https://storyofmylife.blog/2013/09/22/the-true-risk/

I thought we were going to be in trouble, well me, not so much the chaplain. When a Command Sergeant Major expresses his displeasure with you or your actions the way mine did that day, it can often mean you are in some sort of trouble. But, there was nothing in writing saying we couldn’t walk and we hadn’t been told not to. And the Chief of Staff told us to do what they do. We simply ended up being told to not do that again. Two positive things did come from that day. First, the entire command was given a memo very specifically detailing the proper procedures for going on any mission, to include prohibiting any walking missions. I should get a ribbon on my uniform for effecting such important change in a two-star command. Second, they finally gave us office space upstairs with the rest of the unit. I guess they wanted to keep a closer eye on us.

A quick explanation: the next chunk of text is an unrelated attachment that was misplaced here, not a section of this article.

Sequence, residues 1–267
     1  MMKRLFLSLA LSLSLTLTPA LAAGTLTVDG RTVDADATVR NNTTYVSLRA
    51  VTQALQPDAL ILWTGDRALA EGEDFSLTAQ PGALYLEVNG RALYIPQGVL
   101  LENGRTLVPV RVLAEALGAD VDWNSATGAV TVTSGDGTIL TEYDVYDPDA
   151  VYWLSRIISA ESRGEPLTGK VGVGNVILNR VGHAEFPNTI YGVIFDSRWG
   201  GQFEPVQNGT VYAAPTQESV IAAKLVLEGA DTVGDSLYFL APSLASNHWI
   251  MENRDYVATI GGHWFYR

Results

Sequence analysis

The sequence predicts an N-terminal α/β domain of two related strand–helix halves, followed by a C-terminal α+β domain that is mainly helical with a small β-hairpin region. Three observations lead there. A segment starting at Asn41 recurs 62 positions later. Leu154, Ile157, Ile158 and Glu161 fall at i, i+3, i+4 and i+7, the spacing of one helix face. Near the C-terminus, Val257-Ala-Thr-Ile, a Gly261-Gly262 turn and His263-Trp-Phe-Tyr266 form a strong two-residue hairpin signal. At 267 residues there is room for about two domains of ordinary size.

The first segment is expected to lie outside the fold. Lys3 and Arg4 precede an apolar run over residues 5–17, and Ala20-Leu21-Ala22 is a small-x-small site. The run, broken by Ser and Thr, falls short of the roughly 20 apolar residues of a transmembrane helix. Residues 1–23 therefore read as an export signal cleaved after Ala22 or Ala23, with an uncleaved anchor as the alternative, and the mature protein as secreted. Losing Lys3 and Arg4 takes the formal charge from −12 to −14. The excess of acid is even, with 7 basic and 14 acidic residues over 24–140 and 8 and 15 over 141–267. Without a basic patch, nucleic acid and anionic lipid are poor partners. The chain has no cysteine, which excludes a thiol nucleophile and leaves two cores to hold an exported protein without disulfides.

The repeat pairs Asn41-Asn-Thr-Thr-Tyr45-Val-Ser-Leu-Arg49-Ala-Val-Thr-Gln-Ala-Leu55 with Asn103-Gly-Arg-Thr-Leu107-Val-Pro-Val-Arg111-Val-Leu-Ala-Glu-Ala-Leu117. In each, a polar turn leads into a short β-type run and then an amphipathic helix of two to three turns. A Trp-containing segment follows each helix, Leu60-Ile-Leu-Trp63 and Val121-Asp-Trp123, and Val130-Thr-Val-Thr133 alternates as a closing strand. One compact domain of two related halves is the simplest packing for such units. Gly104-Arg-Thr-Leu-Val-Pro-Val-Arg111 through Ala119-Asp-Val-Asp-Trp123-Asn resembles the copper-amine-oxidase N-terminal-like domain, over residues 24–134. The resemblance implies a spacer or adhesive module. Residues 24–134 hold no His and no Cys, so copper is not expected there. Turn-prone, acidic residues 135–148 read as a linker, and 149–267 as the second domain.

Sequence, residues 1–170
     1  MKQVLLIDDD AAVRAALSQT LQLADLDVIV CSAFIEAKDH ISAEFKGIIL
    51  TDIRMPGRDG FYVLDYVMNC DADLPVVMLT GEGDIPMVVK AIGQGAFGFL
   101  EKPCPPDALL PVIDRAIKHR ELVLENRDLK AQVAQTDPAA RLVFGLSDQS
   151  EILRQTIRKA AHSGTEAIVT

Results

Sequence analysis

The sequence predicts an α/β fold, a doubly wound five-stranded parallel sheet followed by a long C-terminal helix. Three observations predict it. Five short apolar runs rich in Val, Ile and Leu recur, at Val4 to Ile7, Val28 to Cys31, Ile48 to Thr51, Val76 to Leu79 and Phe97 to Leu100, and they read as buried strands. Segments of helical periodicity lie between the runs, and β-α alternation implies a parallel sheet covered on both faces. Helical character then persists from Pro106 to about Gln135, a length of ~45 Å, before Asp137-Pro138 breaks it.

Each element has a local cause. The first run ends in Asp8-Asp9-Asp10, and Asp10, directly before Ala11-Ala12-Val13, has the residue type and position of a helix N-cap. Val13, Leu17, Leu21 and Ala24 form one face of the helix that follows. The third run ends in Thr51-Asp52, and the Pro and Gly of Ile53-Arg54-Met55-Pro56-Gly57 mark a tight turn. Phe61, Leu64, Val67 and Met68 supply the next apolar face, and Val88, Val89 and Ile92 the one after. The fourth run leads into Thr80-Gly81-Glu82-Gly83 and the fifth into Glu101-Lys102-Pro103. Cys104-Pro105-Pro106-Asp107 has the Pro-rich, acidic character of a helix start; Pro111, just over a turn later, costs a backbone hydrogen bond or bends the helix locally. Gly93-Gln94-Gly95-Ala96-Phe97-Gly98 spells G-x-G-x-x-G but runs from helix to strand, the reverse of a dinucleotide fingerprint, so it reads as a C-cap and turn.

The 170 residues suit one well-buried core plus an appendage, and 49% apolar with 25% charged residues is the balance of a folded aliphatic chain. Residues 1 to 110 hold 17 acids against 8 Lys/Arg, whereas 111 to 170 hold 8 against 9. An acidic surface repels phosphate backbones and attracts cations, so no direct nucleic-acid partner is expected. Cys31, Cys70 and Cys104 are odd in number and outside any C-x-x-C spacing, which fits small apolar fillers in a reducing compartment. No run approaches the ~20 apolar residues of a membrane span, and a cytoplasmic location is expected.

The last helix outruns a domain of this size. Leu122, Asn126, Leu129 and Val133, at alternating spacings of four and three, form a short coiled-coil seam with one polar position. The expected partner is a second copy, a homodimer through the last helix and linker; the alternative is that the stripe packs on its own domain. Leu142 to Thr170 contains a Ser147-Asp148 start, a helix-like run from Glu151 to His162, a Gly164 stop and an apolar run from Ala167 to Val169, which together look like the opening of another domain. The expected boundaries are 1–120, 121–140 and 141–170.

Thanks for stopping by this week and checking out my 100th post to Story of My Life. Good day, God bless.

Dave

Hit By A Bus

For the first time in almost a year and a half, I was ill enough to seek medical treatment. It’s not often, but when I get sick, it seems to hits me pretty hard. I’m not a man-baby when I get sick, I work through it, and do it very well most of the time. That’s probably why it feels as bad as it does when illness finally catches up to me, because I don’t take the time to rest and get well when I need to. Why can’t I just be sick on my days off? That would make life so much easier.

Basically, my kids make me sick. Wait! No! They got me sick, they don’t make me sick. I love them to death. And they love me so much, they shared their little germs with me. And now I’m sick. It started last weekend when my boys spent the weekend with me. Wait, no. It started two weeks ago, far from where I was. They passed it around to each other for a while until it finally caught up to me. They have always shared their things nicely, even being sick.